Google Glass returns for the enterprise

After two years in a limited trial period, Google Glass has come back to life with a new enterprise edition, Glass EE.

Google Glass originally failed as a consumer product, but as reported back in early 2015, the device could find new life at an enterprise product. Similar to the HoloLens, it seems that businesses across numerous industries are diving in on the augmented reality and virtual reality possibilities of these devices.

In fact, it appears that Google Glass never truly fell to the wayside, it just found a new home in factories. Back in March, NPR reported that in the United States, companies like Boeing, GE, and DHL were using the technology with workers on the factory floor. That report was followed by a piece from Wired this week dictating the device’s new lease on life in the enterprise.

The Wired story reports that while many assumed that Alphabet (Google’s parent company) and Google’s sister company, simply called X, had dropped the Google Glass, Alphabet had secretly commissioned a small team at X to work on an enterprise edition. That move appears to have paid off, as two years later, the device is back as a more workplace-focused assistive device than consumer mass market product.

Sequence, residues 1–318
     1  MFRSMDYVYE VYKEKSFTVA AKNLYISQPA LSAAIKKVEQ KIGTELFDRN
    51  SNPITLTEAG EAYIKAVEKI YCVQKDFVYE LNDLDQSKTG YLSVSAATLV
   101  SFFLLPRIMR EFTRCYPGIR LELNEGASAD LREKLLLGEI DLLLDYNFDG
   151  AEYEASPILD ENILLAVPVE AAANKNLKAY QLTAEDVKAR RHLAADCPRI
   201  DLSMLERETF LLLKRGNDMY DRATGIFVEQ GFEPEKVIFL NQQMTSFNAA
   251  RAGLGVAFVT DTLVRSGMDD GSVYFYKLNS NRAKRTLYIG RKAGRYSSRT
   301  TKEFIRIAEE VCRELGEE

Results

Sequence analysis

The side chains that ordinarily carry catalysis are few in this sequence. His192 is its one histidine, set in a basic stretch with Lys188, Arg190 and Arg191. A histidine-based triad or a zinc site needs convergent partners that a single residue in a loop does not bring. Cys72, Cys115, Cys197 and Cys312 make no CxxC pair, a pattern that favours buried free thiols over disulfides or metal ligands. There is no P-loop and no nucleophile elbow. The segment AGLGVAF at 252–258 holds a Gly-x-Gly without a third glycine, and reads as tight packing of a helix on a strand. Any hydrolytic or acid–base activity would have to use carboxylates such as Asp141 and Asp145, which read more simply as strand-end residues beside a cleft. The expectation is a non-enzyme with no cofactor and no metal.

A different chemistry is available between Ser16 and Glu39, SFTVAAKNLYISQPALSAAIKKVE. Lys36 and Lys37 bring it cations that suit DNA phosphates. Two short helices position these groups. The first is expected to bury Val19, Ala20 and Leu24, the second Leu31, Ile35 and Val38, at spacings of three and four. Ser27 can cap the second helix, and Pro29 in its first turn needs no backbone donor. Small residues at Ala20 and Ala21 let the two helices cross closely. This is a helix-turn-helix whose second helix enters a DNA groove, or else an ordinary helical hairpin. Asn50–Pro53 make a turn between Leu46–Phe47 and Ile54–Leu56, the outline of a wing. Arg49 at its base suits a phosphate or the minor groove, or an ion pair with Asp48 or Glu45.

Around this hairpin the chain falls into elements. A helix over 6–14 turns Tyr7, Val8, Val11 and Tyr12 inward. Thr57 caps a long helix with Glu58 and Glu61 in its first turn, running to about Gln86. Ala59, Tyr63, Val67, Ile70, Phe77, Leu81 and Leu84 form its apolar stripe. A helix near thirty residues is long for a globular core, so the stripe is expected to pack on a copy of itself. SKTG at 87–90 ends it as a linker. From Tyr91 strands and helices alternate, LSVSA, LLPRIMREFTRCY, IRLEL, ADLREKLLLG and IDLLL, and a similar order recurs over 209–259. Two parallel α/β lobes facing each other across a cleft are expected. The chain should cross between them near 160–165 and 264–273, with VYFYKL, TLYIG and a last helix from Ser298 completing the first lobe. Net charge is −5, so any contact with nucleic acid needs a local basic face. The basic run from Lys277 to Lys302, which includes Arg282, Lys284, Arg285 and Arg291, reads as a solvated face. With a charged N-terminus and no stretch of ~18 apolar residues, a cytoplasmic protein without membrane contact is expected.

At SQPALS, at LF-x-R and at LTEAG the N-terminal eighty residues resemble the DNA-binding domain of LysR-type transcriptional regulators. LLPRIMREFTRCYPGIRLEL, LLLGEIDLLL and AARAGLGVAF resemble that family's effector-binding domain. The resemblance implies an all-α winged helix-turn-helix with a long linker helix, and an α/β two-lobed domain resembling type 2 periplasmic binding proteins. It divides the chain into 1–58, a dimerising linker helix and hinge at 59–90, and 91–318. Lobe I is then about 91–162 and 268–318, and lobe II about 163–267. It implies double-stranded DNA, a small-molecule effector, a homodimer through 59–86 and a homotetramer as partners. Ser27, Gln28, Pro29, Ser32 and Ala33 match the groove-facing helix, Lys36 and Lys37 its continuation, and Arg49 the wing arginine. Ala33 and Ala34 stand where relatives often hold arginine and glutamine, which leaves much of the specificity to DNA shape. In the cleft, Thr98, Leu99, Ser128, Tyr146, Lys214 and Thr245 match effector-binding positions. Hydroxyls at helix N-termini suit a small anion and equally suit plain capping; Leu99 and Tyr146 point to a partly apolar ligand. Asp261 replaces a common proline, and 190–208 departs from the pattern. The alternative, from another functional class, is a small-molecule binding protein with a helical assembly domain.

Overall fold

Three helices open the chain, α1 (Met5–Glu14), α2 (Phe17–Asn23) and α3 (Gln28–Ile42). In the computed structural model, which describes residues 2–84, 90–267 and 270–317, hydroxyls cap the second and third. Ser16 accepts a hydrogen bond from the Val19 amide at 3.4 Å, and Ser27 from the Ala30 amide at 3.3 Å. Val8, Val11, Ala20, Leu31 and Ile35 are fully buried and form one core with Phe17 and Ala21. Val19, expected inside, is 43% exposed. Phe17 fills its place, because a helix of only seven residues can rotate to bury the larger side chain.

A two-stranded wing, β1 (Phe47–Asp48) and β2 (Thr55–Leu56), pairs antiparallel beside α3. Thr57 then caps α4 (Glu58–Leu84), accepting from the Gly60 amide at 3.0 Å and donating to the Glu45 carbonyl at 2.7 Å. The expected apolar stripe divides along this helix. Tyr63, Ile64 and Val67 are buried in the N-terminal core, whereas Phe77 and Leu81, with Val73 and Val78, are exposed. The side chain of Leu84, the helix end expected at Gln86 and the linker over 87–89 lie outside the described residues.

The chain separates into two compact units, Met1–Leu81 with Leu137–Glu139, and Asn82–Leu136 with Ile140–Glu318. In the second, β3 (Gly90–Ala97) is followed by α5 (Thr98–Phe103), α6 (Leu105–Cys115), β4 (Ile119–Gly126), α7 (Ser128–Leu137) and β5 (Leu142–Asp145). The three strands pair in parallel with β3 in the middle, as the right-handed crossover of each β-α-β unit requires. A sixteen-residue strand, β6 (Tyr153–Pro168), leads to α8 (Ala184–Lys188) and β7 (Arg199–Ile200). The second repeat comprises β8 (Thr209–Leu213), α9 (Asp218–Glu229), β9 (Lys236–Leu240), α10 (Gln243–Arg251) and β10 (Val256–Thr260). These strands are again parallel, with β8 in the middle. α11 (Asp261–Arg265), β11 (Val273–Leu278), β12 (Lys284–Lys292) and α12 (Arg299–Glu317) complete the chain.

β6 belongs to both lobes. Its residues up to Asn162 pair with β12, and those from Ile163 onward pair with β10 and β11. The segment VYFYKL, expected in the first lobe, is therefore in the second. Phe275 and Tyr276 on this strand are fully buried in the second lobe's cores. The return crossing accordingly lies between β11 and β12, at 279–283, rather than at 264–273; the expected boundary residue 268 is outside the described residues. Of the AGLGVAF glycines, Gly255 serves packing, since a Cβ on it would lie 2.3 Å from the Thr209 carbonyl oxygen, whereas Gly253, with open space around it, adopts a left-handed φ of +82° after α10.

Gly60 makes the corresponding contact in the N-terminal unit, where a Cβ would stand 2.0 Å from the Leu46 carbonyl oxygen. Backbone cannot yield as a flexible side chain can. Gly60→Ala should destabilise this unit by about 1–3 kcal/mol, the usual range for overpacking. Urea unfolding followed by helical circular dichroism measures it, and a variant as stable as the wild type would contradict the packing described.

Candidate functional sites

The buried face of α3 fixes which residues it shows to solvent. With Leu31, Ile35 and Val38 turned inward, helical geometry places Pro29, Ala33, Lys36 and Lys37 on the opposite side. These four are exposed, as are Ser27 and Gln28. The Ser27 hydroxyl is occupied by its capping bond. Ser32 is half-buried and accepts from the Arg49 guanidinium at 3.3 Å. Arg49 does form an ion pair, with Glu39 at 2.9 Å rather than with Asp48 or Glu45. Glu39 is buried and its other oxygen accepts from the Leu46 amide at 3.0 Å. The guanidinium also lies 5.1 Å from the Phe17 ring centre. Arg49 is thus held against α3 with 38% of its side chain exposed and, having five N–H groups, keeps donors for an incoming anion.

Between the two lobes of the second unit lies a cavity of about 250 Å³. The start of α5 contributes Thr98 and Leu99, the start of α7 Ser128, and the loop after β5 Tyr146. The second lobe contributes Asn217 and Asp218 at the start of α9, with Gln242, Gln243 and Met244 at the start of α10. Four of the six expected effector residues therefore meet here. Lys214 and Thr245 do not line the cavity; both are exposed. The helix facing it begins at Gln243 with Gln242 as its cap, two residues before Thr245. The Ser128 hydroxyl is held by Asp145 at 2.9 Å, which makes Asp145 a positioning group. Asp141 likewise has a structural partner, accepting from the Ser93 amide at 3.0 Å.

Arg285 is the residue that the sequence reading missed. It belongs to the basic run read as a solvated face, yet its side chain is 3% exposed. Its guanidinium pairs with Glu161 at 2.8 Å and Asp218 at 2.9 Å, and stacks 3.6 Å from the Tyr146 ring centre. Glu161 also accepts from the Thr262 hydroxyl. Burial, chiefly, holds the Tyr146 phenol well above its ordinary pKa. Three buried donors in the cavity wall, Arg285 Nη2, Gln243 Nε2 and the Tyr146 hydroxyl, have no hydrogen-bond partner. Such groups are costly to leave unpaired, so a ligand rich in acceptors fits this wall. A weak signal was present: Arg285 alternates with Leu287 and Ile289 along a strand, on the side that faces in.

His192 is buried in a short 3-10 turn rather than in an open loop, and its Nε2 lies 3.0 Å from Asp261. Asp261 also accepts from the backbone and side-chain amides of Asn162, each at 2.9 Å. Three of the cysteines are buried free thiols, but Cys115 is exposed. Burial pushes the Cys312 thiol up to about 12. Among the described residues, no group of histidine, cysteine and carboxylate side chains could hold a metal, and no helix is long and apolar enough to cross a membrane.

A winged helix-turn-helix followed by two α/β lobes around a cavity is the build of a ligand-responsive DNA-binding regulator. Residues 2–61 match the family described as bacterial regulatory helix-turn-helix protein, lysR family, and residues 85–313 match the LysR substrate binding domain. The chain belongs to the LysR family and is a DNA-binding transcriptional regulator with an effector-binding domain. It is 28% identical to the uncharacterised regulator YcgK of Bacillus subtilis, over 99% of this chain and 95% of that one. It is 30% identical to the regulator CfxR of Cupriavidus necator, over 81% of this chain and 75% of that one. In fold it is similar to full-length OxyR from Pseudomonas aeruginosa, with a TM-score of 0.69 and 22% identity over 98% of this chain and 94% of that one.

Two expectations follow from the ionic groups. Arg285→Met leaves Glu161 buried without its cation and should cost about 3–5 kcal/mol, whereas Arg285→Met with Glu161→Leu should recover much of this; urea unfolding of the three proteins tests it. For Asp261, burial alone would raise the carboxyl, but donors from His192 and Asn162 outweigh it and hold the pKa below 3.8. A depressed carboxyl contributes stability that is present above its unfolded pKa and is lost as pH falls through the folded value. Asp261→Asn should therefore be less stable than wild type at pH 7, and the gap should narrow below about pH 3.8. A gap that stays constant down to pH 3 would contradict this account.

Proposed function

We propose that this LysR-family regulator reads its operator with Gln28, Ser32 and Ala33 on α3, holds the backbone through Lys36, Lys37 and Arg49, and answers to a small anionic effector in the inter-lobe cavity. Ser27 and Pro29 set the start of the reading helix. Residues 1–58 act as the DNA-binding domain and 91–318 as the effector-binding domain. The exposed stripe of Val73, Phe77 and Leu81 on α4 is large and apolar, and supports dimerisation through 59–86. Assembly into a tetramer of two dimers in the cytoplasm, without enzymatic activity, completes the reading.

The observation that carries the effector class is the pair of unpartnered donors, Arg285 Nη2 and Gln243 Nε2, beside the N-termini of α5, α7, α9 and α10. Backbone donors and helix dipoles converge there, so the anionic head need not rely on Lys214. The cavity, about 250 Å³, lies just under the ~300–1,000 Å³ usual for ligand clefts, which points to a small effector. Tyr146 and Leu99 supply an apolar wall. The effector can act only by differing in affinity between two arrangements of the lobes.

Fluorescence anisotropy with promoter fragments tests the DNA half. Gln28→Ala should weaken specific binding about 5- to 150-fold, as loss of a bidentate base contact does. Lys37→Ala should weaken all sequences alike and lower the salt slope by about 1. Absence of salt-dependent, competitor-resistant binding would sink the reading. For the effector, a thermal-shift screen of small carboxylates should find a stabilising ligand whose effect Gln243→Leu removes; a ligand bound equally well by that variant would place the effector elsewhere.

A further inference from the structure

Officially announced this week, Glass EE has secretly been living quietly in various workplaces in a trial run. The new edition features an upgraded camera from five megapixels to eight, more battery life, faster Wi-Fi, and a better performance. The biggest improvement may come from the ‘Glass Pod’, the device’s detachable electronics that can be removed and fitted on other compatible frames. This could open up a whole line of safety glasses compatible with Glass EE.

And in the workplace is where Google Glass 2.0 will stay. Alphabet believes that it has a winner in this device that can transform how we work today, and not just in factories. Doctors, for instance, have also been testing out the device in their own offices as well.

“This isn’t an experiment. It was an experiment three years ago. Now we are in full-on production with our customers and with our partners,” said Jay Kothari, project lead on Glass EE in the Wired piece.

As of now, the amount of Glass EE devices that have been sold is still in the hundreds. But after a secretive two years, Alphabet is opening up the program for more businesses and organizations. To get involved with Google Glass, you can read more here.

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Jim Love, Chief Content Officer, IT World Canada

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Alex Radu
Alex Radu
is a staff writer for Computer Dealer News. When not writing about the tech industry, you can find him reading, watching TV/movies, or watching the Lakers rebuild with one eye open.

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